Previously detailed nuances of the plan call for the government also to gain new warrantless surveillance powers over other communications resources such as email (e.g. Gmail), text messages (including encrypted services, like RIM's), social networks (e.g. Facebook), and internet forums.

Multiple issues surround the overarching proposal.  One is in the potential economic damage it could cause the free market at a time when it is already struggling to recover.

A second issue is perhaps the most critical one.  Under current legal precedent, U.S. citizens can only have their Constitutional rights annulled if they are communicating with suspicious foreign citizens.  However, to determine what users of foreign services are actually foreign citizens is almost impossible as foreign telecoms and internet firms have no real necessity to comply with U.S. requests for information.  Thus U.S. citizens use foreign cell phones, operating on foreign web sites, or using foreign-based email services, may have their Constitutional rights violated
even while communicating with other U.S. citizens.

There is no clear solution to this problem.



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RE: What blows my mind
By eskimospy on 10/25/2010 6:54:58 PM , Rating: 2
I actually participated in the Iraq War, but you're right that I was against it and still am. I still require an explanation though, because while I believe the invasion of Iraq to be foolish, I certainly accepted it as a legitimate exercise of government power. You appear to be saying that it is not?

I seriously don't know how a government would promote tranquility, establish justice, provide for the common defense, etc. without exercising the power to either prohibit some exercises of freedom or to coerce otherwise free people to do things they don't want to do. So seriously, I stand by my analysis of the purpose of government as being an entity that exists to tell people what they can't do. (or what they must) Now we have chosen to put specific limits on our government's ability to do this, but I don't believe that changes its nature. You mentioned 'legislating in ways that protect freedom'. Can you give me some examples of how to structure a society using only laws like that?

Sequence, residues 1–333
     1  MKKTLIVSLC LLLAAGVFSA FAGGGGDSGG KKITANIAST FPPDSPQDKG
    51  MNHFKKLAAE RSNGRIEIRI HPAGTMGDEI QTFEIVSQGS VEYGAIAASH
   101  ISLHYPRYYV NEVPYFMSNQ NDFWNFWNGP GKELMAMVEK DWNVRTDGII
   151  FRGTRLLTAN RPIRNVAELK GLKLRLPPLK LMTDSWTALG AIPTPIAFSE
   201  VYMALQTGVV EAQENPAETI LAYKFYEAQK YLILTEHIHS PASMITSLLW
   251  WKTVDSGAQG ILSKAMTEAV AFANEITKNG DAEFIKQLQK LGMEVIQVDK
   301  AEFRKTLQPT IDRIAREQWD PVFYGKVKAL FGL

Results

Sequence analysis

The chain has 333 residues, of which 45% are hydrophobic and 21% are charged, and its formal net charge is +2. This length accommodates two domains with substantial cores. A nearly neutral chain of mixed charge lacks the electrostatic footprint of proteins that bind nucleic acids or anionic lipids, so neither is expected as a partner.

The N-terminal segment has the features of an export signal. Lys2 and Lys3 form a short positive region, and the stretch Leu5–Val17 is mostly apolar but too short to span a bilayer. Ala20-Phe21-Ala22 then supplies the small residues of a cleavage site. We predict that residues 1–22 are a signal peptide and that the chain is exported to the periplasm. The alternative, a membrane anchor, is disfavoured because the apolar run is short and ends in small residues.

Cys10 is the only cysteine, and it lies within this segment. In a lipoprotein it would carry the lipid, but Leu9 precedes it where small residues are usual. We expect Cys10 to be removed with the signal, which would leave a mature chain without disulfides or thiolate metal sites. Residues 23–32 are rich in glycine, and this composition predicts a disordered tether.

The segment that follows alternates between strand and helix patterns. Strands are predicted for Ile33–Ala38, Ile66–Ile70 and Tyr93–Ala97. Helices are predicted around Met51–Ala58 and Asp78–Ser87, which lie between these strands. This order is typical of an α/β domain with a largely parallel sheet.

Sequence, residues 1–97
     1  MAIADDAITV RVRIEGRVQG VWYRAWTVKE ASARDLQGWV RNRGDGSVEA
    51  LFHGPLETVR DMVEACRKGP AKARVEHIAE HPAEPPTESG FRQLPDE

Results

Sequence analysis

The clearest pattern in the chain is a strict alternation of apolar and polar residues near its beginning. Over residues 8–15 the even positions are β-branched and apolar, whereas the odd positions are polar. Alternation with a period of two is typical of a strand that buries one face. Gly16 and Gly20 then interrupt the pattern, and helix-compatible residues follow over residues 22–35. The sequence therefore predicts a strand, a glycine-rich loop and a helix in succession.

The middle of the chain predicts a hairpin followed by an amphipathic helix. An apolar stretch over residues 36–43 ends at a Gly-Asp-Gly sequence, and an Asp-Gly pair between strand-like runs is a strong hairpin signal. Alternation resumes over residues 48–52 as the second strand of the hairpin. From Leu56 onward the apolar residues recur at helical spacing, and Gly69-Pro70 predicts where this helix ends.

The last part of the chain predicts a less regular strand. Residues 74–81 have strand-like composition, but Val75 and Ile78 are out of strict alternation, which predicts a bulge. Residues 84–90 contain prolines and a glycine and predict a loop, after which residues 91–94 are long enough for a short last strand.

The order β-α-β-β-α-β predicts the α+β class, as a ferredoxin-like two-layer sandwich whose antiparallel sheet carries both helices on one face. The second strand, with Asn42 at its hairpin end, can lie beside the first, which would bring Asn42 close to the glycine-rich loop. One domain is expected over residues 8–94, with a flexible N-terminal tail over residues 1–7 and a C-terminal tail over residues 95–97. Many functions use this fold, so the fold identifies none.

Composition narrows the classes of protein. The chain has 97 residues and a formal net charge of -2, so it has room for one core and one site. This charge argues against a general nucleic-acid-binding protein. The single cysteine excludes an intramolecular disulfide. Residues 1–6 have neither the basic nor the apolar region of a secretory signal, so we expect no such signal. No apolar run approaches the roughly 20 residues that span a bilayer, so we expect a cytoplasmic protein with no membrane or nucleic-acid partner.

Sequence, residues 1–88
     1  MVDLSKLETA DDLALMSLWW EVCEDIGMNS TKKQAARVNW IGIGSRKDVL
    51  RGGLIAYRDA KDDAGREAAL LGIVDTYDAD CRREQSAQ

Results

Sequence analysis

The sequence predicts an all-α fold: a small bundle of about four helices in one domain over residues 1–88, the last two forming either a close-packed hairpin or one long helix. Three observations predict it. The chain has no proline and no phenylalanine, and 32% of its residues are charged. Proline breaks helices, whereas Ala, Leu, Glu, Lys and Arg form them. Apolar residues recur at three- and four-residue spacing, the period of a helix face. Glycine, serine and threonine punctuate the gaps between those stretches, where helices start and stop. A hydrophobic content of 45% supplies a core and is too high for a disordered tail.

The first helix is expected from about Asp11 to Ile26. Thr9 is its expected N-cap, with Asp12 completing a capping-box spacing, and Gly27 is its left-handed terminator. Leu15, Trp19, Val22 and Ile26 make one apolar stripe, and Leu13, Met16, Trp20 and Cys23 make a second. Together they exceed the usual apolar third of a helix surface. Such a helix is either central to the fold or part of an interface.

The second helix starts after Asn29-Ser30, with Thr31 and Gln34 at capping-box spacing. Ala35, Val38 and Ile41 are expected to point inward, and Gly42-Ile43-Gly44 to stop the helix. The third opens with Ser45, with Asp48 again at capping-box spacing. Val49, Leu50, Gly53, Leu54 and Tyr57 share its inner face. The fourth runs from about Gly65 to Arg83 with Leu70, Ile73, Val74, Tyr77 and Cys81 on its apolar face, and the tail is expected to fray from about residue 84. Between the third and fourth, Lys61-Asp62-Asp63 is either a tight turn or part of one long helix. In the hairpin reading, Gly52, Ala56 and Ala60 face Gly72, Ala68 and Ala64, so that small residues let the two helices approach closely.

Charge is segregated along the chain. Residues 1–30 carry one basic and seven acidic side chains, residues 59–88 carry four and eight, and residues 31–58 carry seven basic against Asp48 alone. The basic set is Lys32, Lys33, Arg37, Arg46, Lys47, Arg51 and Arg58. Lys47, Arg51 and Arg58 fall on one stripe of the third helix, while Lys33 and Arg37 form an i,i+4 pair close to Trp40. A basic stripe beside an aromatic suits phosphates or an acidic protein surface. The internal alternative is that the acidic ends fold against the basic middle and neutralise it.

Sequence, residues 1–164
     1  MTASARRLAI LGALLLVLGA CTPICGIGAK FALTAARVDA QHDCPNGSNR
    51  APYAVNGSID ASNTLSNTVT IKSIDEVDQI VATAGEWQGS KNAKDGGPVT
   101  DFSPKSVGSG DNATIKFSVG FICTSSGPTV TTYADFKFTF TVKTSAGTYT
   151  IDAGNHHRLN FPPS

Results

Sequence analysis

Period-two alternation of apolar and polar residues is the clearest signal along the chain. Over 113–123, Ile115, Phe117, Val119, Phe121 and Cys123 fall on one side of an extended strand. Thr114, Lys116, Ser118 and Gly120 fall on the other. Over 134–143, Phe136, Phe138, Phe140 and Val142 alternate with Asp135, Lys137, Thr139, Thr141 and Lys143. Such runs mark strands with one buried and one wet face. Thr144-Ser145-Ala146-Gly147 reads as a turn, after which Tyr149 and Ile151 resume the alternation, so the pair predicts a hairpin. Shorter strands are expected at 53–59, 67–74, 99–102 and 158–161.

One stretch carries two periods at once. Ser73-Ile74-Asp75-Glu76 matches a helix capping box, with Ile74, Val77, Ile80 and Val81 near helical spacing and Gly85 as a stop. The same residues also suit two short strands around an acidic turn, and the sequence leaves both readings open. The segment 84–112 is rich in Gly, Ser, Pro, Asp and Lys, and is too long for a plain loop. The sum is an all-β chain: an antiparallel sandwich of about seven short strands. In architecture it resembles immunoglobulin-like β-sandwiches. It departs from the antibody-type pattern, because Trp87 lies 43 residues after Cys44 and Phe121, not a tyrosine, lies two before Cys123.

You aren't being punished by having your money taken away by taxes, taxes are the price you implicitly accept for living in this society. I'm really not trying to say 'if you don't like it, leave', as I consider that comeback to be juvenile, but honestly the US is absolutely up front with the price of admission. Hell, the right to tax you is written into the Constitution (in two places)

As for the smoking ban, a few things. First, it is a state law and so not subject to the Constitution. Second, while the preamble is a nice start to the document, it isn't actually used to determine if something is constitutional or not. (I mean the Constitution is already seriously vague, and to try and figure out if a law 'establishes justice' or not would just be mind bending) Congress is granted pretty vast powers in the Consitution, with the commerce clause and the general welfare clause covering a huge array of potential laws.